My favorite group right now is TV on the Radio. They're a black rock band out of Brooklyn. I also listen to a lot of Afropunk groups, jazz quartets, sophisticated black music. But, I don't think it's a really good time for black music. I don't think it's happening at a high level right now.

 

Hip hop has become singles music. There's no hip hop artist out now who compels me to spend the time to listen to an entire album. Well maybe MF Doom. People who grew up on hip hop have to realize that every musical movement doesn't stay on top of its game forever. Soul started in the 50s, peaked in mid-60s, developed, matured, and became diluted. Hip hop came out, had a long peak, and something will replace it. Ever artistic movement has an arc. Hip hop was rebel music, and now you rebel against hip hop because it's the mainstream. These things are cyclical.



On Queen Latifah and Life Support


Life Support is probably the project that I'm most proud of. It was my first time directing. It is a film based on my family, and it deals with an issue huge in the black community. We got Latifah and I think it was the best work she's done. It was an amazing experience to shoot in parts of Brooklyn that I grew up in. And it was great to do a film that's going to have legs, one that's about family, emotion, and forgiveness.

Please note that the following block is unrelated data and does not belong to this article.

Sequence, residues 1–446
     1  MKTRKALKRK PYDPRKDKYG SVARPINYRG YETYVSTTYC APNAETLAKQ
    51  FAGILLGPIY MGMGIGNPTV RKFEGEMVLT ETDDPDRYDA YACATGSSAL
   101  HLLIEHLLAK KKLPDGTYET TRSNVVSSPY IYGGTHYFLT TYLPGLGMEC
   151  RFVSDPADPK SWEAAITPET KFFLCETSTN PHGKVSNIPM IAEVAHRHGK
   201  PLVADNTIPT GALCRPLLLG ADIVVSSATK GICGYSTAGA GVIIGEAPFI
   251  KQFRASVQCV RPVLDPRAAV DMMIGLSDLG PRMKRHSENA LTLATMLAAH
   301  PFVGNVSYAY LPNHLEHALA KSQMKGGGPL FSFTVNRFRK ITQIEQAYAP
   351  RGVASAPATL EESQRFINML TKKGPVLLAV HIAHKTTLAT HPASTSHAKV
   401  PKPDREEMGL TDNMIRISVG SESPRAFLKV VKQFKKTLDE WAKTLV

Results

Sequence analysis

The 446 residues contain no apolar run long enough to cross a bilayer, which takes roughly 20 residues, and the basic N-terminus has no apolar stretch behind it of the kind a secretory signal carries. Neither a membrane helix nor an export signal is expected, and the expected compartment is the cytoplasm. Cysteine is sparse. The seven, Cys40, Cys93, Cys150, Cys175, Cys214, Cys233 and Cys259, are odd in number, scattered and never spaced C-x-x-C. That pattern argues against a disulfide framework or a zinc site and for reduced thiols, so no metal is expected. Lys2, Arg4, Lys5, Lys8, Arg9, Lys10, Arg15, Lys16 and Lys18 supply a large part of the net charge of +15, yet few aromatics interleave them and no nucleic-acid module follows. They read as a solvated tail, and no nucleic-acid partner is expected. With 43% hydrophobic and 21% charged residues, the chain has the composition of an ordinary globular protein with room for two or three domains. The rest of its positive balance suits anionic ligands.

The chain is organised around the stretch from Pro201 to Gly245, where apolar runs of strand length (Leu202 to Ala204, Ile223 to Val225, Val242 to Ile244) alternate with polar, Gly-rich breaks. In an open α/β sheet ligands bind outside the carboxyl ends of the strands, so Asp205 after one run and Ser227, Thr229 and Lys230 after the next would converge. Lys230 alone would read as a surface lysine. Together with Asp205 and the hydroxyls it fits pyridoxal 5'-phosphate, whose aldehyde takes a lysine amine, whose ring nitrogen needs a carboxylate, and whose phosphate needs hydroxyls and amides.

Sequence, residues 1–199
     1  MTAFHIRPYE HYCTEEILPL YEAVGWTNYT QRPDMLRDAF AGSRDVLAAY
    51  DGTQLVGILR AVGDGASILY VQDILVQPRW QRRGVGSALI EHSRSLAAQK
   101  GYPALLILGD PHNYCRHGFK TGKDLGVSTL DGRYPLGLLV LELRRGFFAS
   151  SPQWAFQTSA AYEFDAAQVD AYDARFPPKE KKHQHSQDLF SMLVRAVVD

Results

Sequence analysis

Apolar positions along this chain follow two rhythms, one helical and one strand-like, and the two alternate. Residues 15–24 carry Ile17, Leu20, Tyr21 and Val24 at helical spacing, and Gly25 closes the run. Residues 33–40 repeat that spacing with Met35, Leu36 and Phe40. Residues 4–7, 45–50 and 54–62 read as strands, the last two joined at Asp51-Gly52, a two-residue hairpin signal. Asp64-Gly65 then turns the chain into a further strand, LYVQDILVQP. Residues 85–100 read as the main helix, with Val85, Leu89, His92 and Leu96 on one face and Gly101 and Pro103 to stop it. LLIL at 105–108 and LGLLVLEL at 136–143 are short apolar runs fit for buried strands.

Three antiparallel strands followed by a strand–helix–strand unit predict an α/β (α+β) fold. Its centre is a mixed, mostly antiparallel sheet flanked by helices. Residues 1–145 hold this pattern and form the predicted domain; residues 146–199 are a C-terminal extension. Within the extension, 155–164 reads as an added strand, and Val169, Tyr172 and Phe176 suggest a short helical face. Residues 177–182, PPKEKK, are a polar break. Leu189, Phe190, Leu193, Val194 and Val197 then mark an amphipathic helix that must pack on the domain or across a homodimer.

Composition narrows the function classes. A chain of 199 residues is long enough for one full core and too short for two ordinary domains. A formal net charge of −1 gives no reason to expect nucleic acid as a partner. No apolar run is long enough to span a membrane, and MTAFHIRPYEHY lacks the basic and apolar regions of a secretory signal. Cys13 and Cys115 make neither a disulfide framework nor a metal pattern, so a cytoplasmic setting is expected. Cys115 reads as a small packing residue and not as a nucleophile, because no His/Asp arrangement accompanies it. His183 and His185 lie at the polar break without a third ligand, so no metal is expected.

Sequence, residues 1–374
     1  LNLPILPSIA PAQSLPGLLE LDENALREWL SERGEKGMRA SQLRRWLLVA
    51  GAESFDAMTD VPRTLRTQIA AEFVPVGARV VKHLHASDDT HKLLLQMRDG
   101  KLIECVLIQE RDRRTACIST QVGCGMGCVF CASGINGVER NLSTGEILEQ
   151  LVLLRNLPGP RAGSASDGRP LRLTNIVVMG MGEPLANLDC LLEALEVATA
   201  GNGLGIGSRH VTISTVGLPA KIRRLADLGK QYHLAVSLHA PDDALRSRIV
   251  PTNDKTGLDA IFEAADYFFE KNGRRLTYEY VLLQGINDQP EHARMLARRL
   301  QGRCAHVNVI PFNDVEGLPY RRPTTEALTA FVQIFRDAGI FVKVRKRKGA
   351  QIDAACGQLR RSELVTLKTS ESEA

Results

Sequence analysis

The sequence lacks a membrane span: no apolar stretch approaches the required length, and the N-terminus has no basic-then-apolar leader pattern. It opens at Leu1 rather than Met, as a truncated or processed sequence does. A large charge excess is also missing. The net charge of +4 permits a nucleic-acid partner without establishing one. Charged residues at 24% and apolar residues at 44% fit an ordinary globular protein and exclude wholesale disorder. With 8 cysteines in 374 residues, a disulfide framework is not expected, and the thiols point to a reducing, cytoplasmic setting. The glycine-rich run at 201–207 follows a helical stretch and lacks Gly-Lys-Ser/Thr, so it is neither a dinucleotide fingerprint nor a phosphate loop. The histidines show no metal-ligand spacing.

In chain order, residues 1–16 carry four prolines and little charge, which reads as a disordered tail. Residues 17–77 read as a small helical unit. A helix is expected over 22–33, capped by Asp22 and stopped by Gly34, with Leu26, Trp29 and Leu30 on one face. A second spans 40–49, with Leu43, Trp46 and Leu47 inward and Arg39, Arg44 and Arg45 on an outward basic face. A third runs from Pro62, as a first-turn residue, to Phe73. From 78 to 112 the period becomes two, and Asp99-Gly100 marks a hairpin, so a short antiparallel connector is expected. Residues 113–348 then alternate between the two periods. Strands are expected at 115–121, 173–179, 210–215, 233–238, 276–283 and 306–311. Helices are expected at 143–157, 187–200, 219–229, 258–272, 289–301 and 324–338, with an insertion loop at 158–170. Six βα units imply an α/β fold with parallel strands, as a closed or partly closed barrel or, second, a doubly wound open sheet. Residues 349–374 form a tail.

I didn't cast someone to play myself in the movie because I wanted to make a women's movie. I wanted to write an incredible part for a black woman and show the dynamic story between this woman, her mother, and her daughter. Plus I would be all self conscious about who would play me.



What I've learned about creating is that after these projects, you're not the same person you were when you started. With Life Support, I had to turn off my intellect a little and be more emotional. I had to open up. Latifah used to say to me, "Don't use so many words; cut to the chase." She's a very visceral artist so I had to become very visceral which is different from the work I do as a critic. Working on this film unleashed a lot of stuff for me.



On Good Hair (George is an executive producer)


We're finalizing a deal and it will play in theaters this year. The film debuted at Sundance, did incredibly well and won a special award. It's Chris Rock's look at the world of black hair, relaxers, hair weaves, all of that. It's pretty damn funny and a very unique film. We got some amazing interviews with women like Nia Long, Sarah Jones, and Raven-Symoné that were hilarious but also very honest.



On His Ass Power (the secret to success that Quincy Jones once told George separated the greats from the near greats; it's the ability to stay focused, ass in chair, and work until something is accomplished)



I am not happy if I'm not doing something. I cannot sit my ass down and relax; I'm kind of bad at it. Working makes me happy. It's not the whole thing of releasing it and talking about the work, like I am now, that makes me happy.  What makes me happy is the making, the moments of creativity when things come together, or when you're in that trance-like state. Or when you're on a movie set, you're working on a scene, and you say to yourself, "This shit is working." That what saves you, those moments.  All of this work is some quest to be part of something that's elevating and unique.